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Rush hour looks a little different these days as work-from-home has been the new norm for the past year. Some companies say they will allow employees to work at home permanently, at least part of the week.

With these dreams of 9-5ers becoming a reality, the effects are wide-ranging. Researchers and government at all levels are still trying to figure out the impact and update plans for the future.


You're not just traveling at off-hours. Your mind isn't playing tricks on you. Data supports that, so far, rush hour traffic is a thing of the past. The TomTom Traffic Index found a decrease in traffic congestion in 2020 in 387 of the 416 cities it tracks. Martin Morzynski of StreetLight Data notes a decline "during the morning rush hour," but increased traffic throughout the day.
Catching the train


Many factors point towards the lighter commute we are currently enjoying. However, there is still a chance you could run into a bottleneck - just maybe at a different time or place. While drivers may be going to an office building fewer times a week, there are more delivery vehicles on the road. Also, as employees are working from home, there is a higher likelihood of midday trips.

Another factor that could increase traffic is the trend away from rideshare and public transport. These modes of transportation were shunned as commuters adopted social distancing protocols amid the pandemic. In Chicago, bus and rail ridership fell. Pre-pandemic there were "about 1.5 million riders on an average weekday", and that dropped down "to about 250,000 or 300,000," during the pandemic, said Brian Steele, a spokesman for the Chicago Transit Authority.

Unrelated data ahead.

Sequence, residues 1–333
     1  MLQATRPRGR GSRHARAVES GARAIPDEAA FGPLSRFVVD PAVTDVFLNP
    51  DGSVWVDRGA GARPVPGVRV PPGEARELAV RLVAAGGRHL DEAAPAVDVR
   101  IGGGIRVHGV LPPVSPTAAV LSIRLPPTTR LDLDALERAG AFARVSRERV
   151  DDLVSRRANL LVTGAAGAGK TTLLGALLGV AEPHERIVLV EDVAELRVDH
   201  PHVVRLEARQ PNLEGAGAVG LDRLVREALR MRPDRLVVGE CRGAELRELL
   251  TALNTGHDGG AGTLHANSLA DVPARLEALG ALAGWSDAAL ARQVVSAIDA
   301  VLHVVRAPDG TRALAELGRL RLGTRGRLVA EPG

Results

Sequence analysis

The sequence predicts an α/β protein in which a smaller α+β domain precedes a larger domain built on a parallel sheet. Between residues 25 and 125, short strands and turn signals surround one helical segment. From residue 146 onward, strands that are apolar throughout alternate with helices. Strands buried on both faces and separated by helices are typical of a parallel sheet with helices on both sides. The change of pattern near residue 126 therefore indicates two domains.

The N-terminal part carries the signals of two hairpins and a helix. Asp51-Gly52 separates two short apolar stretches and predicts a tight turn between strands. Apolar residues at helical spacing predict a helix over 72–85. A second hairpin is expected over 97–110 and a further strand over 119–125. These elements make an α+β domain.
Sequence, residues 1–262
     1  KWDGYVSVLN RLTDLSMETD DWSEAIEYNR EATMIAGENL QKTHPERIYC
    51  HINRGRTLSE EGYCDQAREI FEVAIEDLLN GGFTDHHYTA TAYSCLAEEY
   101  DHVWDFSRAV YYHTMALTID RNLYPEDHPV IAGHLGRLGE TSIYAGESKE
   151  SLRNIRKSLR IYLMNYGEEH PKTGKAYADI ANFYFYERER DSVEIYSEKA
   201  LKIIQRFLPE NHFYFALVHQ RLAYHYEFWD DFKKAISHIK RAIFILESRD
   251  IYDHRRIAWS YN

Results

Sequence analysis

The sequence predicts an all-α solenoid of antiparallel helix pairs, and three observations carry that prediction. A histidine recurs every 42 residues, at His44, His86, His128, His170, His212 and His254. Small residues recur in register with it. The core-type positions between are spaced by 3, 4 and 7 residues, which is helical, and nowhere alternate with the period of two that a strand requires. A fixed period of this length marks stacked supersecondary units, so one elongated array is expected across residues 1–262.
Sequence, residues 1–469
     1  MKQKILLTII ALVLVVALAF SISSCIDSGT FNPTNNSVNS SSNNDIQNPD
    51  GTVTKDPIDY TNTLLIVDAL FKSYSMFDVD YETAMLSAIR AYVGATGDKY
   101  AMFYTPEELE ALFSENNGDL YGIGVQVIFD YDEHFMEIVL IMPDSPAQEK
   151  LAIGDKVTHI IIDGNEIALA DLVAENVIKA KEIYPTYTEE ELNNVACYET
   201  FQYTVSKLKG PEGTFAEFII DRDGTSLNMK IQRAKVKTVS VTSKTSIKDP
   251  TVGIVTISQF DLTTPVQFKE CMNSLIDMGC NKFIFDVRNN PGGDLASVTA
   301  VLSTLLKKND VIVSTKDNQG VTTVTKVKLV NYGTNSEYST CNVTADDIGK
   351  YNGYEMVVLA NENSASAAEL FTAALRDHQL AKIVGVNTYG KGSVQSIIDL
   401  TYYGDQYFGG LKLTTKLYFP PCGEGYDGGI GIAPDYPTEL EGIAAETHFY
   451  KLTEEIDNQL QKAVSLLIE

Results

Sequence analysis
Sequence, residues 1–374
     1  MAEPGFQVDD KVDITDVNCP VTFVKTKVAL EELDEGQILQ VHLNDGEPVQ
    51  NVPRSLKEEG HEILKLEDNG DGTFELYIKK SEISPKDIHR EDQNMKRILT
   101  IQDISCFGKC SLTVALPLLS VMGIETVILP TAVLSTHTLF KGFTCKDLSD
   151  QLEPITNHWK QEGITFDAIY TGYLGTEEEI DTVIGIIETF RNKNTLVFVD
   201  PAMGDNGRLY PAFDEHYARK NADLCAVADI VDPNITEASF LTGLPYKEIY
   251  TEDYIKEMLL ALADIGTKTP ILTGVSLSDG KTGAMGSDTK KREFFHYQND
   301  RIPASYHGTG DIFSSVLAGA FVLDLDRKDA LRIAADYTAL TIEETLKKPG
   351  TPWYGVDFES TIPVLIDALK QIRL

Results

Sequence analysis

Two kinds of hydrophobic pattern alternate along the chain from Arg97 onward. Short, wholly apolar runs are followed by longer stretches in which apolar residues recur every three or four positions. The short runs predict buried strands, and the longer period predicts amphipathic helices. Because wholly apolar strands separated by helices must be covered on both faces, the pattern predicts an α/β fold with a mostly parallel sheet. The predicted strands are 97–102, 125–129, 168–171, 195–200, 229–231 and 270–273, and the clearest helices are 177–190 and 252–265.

Since China recovered the most since it was the first hot spot for COVID-19, other countries have watched to predict what might occur in their hometown. Stephan Wöllenstein, chief executive of Volkswagen Group China, reports "interest from a new...customer, those keen to own a...vehicle to escape the risks of infection on public transport." Wöllenstein noted that many are first-time car buyers.
Traffic in the city


It might not be just when the cars are on the roads that change, but the streets themselves. The Wall Street Journal reports that while road space was already being taken from cars and given back to pedestrians, the pandemic has hastened these efforts.

The streetscapes themselves are changing from more lanes for bikes and buses to expanded outdoor restaurant dining. Ann Shikany, state and federal policy advocate at the Natural Resources Defense Council, said that "there is strong support for open streets. Recovery should not mean going back to the way things were before; we can make our cities better."

While growth in travel can be expected to continue, what the country finally ends up with as the new normal is still the thing of researchers' simulators. Nick Cohn, TomTom's senior traffic expert, said, "I think we're going to see a lot of ups and downs before we're really getting back to any normal driving patterns and traffic activity levels." 

According to Tim Lomax, a research fellow at the Texas A&M Transportation Institute, COVID-19 setbacks can't be excuses for canceling infrastructure projects if cities will be ready for new driving norms. Lomax says, "the pandemic bought [governments] much-needed time." Investments are still needed in highways and transit, but "what we are seeing is sort of a congestion reset to the point where the average metro area has bought itself five…" or ten years of growth.